The only tip I can offer when making the double sided PCBs is as follows. If you use film and ultraviolet light to define your tracks on the copperclad, then sticky-tape the two films together, one on top of the other, at the top of the films. Use three pieces of tape. Get a long thin strip of PCB material the same thickness of your double sided PCB and place it at the top (horizontally) where you have the three pieces of tape. This will ensure that when you line up the films properly, they will be over each other when you slide the double sided PCB in. Once the two films are lined up exactly with the strip of PCB at the top, slide in your double sided copperclad, and tape it to the films (the piece of PCB material at the top remains where it is). You may now expose both sides of the board and the pads should line up. If you use the laser-print-to-plastic-sheet method, it might work if you replace "film" with "plastic" and "expose" with "iron". :)

Make sure you print a copy of the PCB's overlay. This will show you where the parts are placed. Refer to section 4.0.2 Description of component identifiers on overlays to see which identifier relates to which part. Before you solder any components into place, make sure you solder the pads which don't belong to a part (you can tell from the overlay). These pads act as a link between the two sides of the PCB - simply solder a wire between the two sides to make the connection.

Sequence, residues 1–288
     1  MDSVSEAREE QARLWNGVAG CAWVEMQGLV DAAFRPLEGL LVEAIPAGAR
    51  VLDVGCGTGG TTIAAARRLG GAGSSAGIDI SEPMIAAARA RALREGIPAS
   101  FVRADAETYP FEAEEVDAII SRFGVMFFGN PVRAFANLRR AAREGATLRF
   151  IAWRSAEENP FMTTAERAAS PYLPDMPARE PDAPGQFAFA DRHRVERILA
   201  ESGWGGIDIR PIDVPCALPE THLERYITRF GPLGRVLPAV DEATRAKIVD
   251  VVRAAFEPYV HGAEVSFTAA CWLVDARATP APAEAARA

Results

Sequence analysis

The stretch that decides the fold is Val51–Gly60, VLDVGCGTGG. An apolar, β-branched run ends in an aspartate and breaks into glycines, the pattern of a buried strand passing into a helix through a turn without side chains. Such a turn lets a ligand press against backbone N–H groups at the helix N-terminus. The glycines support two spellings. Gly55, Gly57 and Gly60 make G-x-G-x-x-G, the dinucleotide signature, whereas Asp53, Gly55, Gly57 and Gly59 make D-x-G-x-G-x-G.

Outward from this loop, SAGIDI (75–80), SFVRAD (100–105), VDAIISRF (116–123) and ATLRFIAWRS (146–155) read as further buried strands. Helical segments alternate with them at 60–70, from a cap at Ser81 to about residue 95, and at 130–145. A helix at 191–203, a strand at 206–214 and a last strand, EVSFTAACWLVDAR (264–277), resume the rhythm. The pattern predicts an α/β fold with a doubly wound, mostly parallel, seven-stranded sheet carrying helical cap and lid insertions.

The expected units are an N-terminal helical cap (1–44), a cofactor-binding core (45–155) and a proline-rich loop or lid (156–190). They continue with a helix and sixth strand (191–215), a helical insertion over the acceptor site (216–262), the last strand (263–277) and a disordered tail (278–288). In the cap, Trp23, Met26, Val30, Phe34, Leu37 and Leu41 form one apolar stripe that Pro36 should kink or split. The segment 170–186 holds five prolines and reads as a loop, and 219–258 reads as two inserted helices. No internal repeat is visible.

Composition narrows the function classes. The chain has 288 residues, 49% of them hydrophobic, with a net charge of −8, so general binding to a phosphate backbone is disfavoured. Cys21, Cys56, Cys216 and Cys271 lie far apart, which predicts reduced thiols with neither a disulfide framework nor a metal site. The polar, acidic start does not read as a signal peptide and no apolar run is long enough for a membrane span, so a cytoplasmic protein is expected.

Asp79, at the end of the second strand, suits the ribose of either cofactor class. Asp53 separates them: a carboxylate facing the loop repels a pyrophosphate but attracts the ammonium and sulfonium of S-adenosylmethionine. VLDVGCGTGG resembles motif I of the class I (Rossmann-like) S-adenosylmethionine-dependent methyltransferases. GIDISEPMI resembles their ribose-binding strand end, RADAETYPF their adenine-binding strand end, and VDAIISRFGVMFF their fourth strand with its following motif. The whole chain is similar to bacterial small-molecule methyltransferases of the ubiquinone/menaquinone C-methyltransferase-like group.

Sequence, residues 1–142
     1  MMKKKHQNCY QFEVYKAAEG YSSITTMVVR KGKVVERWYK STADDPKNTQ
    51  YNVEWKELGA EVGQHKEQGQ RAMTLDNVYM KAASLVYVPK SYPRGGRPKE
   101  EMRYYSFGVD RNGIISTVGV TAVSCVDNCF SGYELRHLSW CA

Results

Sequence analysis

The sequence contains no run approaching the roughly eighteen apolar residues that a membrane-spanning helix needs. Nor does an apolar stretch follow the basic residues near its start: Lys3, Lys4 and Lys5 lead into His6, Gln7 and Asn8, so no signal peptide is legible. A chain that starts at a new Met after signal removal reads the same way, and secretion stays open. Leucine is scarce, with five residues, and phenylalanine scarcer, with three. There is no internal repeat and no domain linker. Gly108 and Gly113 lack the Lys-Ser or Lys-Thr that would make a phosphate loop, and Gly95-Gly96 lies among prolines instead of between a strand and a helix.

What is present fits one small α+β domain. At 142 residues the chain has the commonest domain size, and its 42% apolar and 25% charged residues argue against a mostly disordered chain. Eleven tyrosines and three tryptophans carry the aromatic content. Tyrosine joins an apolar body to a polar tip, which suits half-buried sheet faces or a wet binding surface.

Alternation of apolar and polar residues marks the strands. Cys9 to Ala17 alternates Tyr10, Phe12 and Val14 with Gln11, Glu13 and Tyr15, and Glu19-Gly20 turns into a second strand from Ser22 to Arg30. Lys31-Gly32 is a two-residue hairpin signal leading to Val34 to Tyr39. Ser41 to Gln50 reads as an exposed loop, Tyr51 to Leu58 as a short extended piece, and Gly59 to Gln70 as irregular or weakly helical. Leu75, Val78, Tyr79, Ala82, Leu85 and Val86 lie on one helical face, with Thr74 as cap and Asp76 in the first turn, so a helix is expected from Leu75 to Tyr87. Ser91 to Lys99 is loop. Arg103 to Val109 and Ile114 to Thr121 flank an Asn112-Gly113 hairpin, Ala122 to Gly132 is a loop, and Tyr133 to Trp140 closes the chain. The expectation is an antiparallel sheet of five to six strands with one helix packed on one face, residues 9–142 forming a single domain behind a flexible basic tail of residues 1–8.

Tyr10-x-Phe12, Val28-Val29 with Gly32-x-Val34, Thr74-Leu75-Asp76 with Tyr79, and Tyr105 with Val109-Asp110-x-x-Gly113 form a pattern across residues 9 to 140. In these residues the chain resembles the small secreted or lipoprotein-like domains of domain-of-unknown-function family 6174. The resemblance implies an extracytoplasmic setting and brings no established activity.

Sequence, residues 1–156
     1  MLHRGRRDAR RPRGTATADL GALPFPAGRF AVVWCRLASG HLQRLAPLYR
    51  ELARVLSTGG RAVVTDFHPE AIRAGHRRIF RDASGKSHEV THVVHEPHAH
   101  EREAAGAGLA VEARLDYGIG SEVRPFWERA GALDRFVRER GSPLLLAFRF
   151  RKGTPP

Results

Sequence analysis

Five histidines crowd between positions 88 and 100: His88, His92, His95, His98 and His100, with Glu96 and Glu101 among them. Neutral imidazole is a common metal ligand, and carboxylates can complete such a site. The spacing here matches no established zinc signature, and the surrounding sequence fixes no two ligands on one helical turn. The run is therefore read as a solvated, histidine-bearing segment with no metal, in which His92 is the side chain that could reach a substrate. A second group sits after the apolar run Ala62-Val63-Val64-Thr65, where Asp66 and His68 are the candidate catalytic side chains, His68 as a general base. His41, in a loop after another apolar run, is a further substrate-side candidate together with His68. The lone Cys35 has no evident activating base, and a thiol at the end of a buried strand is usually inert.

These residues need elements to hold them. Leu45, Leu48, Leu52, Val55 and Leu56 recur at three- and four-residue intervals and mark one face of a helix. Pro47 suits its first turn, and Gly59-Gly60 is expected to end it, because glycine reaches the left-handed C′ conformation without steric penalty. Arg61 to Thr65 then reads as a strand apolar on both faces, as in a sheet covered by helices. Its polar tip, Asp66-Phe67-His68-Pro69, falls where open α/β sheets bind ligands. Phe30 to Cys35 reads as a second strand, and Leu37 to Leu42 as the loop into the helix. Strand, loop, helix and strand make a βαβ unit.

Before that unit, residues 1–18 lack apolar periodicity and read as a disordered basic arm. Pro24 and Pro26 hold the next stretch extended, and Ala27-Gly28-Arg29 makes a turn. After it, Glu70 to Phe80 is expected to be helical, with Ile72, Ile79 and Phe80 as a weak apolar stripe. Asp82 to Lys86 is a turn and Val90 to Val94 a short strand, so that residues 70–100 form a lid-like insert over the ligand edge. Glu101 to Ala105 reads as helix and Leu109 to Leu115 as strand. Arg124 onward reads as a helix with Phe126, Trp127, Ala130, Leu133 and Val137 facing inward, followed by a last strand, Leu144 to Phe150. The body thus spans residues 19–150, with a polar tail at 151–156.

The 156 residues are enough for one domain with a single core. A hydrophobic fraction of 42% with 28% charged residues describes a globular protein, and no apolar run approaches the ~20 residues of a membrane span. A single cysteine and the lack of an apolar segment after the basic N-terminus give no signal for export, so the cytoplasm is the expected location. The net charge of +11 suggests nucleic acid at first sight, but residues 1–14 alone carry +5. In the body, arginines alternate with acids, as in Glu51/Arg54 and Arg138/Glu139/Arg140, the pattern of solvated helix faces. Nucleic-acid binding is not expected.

When assembling boards with two layers, and your PCBs are not plated through, make sure you solder the top side! It's is advisable not to use IC sockets in this case, as you cannot solder underneath them. In such a case, try not to overheat the ICs, as you might damage them. For the IDC connector, it may possible to solder the top layer if you follow these steps:

  1. Process the IDC pins two at a time (they come in pairs - break each pair off the strip individually).
  2. Place the IDC pin in its place, through the holes in the PCB (the pair should sit in two holes side by side. i.e. you should use 25 pairs side by side in total for the IDC connection on the PCB).
  3. Solder the bottom layer pads.
  4. Carefully slide the black plastic of the IDC pin pair near the top of the pins (i.e. leave a gap between the plastic and PCB - but don't remove the plastic cover).
  5. Carefully solder the top pads, not using too much heat otherwise the solder underneath will melt and the pin will slide out of place. Also try not to use too much solder or you might create a solder bridge between the tracks.
  6. Remove the black cover alltogether. Forget about replacing the black cover to its original position - usually there is too much solder for the cover to be replaced. I had all my top sided pins without black covers, so long as other pins (which do not require to be soldered on the top) have the cover, it will keep the connector in place when the board is complete.